David A. Ansell

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David A. Ansell is a Chicago-based physician, social epidemiologist and author. His efforts at both the national and local levels have advanced concerns about health inequities and the structure of the US health care system. His years as a provider to the medically underserved have made him a vocal supporter of single-payer health care.[1][2] He spent seventeen years at Cook County Hospital currently known as John H. Stroger Hospital of Cook County upon which the medical T.V. drama ER was based. Ansell was inspired by his time at Cook County Hospital to write a memoir and social history entitled, County: Life, Death, and Politics in Chicago’s Public Hospital. County was hailed as a “landmark book” by Julia Keller of the Chicago Tribune, aiming “to inform and to inspire” readers about the disparities in health care. In the book, Ansell argues that only a single-payer solution that provides access to all US residents regardless of circumstances can provide relief for those closed out of the health care system.[3]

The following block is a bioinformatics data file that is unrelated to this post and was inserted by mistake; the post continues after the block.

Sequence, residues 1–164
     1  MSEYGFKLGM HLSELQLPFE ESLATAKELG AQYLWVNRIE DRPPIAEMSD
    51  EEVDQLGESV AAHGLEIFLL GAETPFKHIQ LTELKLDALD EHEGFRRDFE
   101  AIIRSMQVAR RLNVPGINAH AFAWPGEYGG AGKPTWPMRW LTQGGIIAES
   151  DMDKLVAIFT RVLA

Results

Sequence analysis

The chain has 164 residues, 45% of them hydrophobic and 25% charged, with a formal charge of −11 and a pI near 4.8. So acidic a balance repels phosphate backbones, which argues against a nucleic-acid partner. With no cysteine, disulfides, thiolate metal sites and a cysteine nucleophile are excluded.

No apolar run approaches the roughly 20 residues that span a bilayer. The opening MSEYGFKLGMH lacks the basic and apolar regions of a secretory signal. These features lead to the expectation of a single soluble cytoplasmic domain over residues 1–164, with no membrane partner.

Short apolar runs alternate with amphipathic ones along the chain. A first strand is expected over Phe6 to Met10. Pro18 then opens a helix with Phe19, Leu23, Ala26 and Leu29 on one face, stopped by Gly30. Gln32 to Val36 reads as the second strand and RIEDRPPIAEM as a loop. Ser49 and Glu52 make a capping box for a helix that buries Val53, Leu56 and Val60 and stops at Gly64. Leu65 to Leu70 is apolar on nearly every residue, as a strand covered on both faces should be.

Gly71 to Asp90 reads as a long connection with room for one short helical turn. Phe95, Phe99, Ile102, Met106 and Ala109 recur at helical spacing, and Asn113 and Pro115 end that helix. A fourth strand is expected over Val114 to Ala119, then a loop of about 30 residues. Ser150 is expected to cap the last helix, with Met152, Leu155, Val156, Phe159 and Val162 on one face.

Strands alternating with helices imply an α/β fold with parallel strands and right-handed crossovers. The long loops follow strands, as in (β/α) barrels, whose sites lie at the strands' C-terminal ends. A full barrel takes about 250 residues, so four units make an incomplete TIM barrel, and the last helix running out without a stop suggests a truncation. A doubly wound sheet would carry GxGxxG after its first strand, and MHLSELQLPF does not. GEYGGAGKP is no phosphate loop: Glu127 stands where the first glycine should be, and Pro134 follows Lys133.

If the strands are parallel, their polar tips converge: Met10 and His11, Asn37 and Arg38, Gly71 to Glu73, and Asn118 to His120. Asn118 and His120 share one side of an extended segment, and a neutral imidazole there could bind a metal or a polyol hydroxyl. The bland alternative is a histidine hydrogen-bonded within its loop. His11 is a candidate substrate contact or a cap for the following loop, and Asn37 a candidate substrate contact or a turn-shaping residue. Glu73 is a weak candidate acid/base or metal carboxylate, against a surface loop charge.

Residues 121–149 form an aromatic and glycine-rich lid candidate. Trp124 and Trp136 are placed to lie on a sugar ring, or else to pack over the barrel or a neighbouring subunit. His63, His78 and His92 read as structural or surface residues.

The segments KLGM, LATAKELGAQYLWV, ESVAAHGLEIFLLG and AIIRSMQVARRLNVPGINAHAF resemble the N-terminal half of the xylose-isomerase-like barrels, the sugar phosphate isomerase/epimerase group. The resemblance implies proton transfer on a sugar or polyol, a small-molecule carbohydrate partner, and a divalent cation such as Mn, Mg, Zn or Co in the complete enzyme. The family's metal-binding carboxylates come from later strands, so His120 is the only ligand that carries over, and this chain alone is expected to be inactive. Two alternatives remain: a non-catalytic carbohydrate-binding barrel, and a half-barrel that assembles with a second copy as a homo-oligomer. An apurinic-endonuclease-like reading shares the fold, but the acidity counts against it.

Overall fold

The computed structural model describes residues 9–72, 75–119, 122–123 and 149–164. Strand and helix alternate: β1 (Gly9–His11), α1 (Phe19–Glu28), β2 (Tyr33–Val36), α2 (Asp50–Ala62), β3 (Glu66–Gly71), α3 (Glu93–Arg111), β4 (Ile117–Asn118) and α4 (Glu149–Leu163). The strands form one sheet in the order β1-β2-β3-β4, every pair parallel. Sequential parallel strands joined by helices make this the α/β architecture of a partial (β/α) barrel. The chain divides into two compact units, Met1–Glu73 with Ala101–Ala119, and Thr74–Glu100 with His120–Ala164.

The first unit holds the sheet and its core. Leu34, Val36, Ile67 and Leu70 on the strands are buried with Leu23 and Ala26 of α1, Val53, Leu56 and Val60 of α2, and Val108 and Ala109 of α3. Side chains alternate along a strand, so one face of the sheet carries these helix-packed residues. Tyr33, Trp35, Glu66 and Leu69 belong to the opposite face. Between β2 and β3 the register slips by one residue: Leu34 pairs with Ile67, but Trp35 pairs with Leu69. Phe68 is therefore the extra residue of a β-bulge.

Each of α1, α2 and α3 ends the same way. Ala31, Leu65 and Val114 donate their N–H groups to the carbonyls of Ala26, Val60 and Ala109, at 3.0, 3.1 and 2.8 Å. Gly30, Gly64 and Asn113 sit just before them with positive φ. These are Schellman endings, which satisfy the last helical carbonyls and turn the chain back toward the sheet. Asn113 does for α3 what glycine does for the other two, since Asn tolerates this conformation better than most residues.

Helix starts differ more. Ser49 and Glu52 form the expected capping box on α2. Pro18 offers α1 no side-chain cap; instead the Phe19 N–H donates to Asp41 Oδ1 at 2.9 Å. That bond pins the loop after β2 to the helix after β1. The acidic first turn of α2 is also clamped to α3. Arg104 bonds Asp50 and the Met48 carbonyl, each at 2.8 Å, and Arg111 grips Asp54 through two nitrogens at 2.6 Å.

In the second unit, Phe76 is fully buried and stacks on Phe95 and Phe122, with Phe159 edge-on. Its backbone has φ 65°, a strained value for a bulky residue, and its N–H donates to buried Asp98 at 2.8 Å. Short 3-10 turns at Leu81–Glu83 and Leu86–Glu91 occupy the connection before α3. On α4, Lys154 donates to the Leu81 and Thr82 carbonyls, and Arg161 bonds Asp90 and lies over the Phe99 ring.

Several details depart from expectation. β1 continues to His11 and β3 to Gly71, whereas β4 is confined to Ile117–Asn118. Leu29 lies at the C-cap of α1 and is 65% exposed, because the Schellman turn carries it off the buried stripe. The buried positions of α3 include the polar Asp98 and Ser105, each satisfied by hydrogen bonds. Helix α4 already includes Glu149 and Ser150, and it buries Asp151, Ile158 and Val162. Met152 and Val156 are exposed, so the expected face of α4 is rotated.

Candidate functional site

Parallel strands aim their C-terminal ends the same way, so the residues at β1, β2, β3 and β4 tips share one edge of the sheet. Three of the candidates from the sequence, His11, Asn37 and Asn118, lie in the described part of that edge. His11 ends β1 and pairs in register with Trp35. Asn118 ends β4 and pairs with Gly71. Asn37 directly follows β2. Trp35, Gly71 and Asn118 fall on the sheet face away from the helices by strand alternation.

Early years and education[edit]

Ansell spent his formative years in Binghamton, New York. After high school, he attended Franklin and Marshall College (B.A., 1974) and medical school at the SUNY Upstate Medical University (M.D., 1978) He received his Masters of Public Health from the University of Illinois School of Public Health (1991) [4]

Medical education and training[edit]

After finishing medical school in 1978, Ansell trained at Chicago’s Cook County Hospital, one of the nation's oldest and foremost public hospitals. After residency, Ansell served at County as attending physician for 13 years, joining other physicians in a new Division of General Medicine/Primary Care.

Efforts against patient dumping[edit]

In the mid 1980s, Ansell and colleagues noted a marked increase in the numbers of patients transferred to public hospitals around Chicago and the US, due to a lack of health insurance. This practice is known as patient dumping. In 1984, Ansell joined a project led by Robert Schiff], M.D., to expose patient dumping in Chicago.[5] He contributed to the article “Transfers to a Public Hospital” that appeared in the February 1986 edition of the New England Journal of Medicine, criticizing patient dumping and the unnecessary deaths it caused. Efforts against patient dumping like this eventually led to the Emergency Medical Treatment and Labor Act that made the emergency transfers of patients illegal.[6]